Luggage tags for checked baggage remained largely unchanged from the time paper tags with the perforated “separable coupon ticket” was patented by John Michael Lyons of the 5th of June 1882 in New Jersey until the introduction of the current thermal printed airline luggage labels in the mid-1990s.
The Qantas Q-Tag is a permanent luggage tag that passengers keep on their bags, flight after flight after flight. The Qantas Q-Tag is registered by passengers to their frequent flyer information, or passenger information, this information is then linked an embedded RFID chip within the Q-Tag. With the introduction of the Qantas Q-Tag passengers no longer need to see a customer service agent for a luggage tag, or affix a thermal printed luggage tag, to check their bags in.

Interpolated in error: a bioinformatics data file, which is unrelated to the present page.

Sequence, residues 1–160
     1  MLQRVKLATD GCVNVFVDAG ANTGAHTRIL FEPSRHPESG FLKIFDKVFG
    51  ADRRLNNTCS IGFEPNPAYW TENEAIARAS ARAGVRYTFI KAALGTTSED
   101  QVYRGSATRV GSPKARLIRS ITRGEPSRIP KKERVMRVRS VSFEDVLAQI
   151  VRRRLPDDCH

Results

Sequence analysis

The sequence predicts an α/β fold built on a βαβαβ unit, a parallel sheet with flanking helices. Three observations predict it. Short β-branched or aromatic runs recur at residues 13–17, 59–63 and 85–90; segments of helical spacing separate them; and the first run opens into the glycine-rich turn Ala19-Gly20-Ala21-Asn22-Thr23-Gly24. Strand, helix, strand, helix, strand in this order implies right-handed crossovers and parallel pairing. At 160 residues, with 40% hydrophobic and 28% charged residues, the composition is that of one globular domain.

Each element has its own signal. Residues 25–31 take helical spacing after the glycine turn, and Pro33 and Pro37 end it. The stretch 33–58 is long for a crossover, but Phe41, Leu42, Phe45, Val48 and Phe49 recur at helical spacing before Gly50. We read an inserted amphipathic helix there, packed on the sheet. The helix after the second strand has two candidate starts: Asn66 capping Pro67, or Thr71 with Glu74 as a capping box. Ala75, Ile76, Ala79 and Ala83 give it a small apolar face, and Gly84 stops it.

To use the Q-Tag, Qantas passengers need to either scan their ‘elite level’ frequent flyer card, or their mobile phone boarding pass (which works for non-elite frequent flyers and frequent flyers). Once a passengerâ€™s card, or mobile boarding pass, is scanned, the information is linked to the Q-Tag â€¦ and the bag is off.
Presently there are some drawbacks to the Q-Tag â€¦ the first one being that the Q-Tag only presently works for Qantas domestic flights, and only at certain airports, as the new technology is installed throughout Qantas’ domestic network.Â The second issue is this â€¦ should there be a problem with the information properly being transferred from check-in to the Q-Tag RFID chip; there is nothing on the bag tag physically indicating where it is headed.
The future is here â€¦ lets see how long until other airlines offer paperless baggage tags and can integrate them into widespread use.
I received my Q-Tag about two weeks ago, one of the only Q-Tags Qantas has released outside of Australia, and I am itching to go try it out and see how it works! Below is a photo of my Q-Tag with its arrival packet.